Alternative Dispute Resolution Service
Arts Law can assist you in resolving your dispute with another party through its Alternative Dispute Resolution (ADR) service, through which parties can access experienced and low cost mediators and experts.
To view Arts Law’s comprehensive ADR Guidelines, please click here.
What is Alternative Dispute Resolution (ADR)?
Alternative Dispute Resolution or ADR refers to processes, other than judicial determination, in which an impartial person assists those in a dispute to resolve the issues between them. ADR can also be used to mean ‘assisted’ or ‘appropriate’ dispute resolution. Sometimes it is used to include approaches that enable parties to prevent or manage their own disputes without outside assistance.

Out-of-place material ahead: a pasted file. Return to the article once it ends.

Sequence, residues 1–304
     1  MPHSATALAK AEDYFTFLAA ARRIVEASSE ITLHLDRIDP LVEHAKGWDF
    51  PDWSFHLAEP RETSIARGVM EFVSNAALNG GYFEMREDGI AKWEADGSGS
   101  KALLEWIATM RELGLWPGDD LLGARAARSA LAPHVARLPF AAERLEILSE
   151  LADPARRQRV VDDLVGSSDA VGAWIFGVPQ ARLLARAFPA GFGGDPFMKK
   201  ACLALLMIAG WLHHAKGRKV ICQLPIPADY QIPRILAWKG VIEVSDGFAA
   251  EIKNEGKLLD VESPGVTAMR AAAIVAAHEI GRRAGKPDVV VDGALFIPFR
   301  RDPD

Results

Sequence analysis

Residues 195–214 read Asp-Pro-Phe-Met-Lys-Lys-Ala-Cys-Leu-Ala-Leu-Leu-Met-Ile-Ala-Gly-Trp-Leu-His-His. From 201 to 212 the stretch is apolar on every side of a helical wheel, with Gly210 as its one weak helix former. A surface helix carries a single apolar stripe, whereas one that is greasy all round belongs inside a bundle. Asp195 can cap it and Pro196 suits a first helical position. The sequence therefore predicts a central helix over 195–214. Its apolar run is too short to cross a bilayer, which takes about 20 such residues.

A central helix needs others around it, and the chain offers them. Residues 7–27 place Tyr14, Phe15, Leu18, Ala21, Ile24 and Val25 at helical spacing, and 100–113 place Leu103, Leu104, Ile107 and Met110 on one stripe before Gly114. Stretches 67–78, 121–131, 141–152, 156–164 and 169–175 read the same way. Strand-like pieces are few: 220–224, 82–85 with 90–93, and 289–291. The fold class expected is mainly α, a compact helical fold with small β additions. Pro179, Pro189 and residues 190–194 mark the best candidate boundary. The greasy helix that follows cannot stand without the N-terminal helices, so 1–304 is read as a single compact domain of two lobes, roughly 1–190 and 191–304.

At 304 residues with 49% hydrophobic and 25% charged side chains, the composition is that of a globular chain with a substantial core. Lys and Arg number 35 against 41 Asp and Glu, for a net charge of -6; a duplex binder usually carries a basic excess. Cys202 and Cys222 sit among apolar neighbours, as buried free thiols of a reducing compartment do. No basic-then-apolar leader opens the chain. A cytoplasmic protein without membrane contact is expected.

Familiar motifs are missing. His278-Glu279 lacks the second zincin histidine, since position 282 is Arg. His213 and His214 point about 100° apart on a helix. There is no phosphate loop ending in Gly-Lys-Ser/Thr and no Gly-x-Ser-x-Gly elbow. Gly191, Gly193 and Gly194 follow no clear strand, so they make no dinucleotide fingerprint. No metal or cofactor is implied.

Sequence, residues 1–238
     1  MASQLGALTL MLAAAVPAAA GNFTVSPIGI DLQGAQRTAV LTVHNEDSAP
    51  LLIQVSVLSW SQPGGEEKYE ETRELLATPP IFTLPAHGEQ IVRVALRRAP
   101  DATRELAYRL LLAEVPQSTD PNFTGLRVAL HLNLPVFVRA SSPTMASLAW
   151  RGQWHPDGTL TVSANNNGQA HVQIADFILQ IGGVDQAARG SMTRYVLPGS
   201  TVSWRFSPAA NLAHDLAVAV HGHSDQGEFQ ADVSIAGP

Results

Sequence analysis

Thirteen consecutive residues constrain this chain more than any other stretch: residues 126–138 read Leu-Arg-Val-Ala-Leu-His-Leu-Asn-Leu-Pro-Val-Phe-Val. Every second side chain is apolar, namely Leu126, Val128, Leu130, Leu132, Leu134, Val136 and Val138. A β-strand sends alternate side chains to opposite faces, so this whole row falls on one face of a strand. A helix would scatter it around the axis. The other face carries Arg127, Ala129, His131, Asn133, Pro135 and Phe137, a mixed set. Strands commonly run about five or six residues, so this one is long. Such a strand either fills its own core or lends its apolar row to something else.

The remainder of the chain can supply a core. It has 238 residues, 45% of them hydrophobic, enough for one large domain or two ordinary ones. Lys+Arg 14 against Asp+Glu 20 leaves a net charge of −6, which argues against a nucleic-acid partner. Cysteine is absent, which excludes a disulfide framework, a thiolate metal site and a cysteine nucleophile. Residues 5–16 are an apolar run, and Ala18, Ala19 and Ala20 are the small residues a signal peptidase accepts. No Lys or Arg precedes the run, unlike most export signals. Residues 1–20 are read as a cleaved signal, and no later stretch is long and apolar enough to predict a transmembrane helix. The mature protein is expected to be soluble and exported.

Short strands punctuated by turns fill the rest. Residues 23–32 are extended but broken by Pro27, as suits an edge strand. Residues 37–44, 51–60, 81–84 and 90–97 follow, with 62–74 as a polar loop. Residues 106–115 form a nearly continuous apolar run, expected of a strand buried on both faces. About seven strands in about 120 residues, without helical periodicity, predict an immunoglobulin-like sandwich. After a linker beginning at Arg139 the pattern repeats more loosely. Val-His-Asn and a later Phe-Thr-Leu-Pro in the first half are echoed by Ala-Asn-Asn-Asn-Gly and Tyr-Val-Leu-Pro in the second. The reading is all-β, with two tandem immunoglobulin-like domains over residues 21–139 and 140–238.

The creative industries are no exception when it comes to disputes. Filmmakers can fall out leaving a film project unable to be completed. Artistic collaborations falter over creative differences or misunderstandings as to costs, processes, and responsibilities. Bands split up unable to agree on ownership of music or what direction to take. Writers may be in dispute with a publisher over royalties. Such disputes are often characterized by the importance of the personal relationships involved. People who work within the creative industries often need, or desire, to work together on projects in the future and don’t want that opportunity sabotaged by a dispute over the current project. Often the parties – or at least one of them – to the dispute can’t afford the expense of lawyers and going to Court.